Mercury levels vary from state to state. Here in New Mexico we have numerous coal-fired power plants (in the Four Corners area) as well as a couple of copper smelters in nearby Arizona and Mexico. But we also have a comparatively low rate of fish consumption. Scott Hopkins, an environmental specialist at the New Mexico Environment Department who worked with an Environmental Protection Agency project that monitored about 100 stations for mercury statewide, puts the risk in perspective. He says it's low, "compared to cigarette smoking or crossing St. Francis drive on foot. If you sit down and the old man's brought home a walleye and everyone has a piece—if you don't do that very often—you're gonna be all right." Still, we know that cigarette smoking and New Mexico drivers pose dangerous threats to our health and safety. Shouldn't eating fish from our lakes and streams be safe?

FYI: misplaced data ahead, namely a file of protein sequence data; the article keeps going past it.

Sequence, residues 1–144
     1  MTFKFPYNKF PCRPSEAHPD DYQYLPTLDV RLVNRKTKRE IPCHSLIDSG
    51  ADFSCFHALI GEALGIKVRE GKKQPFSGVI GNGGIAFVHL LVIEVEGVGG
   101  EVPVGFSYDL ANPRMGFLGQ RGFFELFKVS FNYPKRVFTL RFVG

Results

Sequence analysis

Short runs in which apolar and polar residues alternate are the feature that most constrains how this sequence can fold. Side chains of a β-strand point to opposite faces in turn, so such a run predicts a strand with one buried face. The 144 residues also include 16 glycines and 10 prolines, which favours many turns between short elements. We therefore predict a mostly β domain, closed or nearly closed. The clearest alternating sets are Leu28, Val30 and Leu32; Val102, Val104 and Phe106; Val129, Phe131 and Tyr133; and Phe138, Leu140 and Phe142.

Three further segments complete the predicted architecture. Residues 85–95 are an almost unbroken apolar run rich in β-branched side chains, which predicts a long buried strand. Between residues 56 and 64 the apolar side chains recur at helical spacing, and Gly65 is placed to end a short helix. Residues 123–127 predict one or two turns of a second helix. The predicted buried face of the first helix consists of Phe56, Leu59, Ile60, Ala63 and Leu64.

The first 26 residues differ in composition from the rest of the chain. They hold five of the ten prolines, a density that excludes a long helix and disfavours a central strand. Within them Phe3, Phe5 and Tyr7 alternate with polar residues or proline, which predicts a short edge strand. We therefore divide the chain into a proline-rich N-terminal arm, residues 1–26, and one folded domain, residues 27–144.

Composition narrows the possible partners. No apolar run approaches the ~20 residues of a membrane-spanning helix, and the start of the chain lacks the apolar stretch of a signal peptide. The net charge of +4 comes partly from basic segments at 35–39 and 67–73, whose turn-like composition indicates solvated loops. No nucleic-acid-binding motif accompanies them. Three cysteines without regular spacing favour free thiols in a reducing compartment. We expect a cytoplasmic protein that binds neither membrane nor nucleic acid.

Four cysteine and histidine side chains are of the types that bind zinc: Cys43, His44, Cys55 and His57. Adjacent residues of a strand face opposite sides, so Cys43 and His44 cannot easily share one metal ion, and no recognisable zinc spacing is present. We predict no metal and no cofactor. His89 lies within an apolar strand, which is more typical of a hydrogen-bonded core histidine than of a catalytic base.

Unfortunately, mercury is only part of the picture. Polychlorinated biphenyls (PCBs), dioxins and other pollutants have received much less publicity than mercury but may potentially be equally or more deadly. We simply don't know enough about how much of these industrial pollutants are in our water and fish and how they effect our health in the long run. Gary Schiffmiller, a fisheries biologist with NMED says that right now the state doesn't have enough resources to adequately test for mercury much less PCBs and that's not good. "My personal opinion is that once we start looking for that stuff, we're going to find it. Further down the road [PCBs] may even be a bigger problem than mercury. They may have an entirely different suite of human health effects."
If you fish or eat locally caught fish frequently then you'll want to download New Mexico's fish consumption guidelines at www.nmenv.state.nm.us/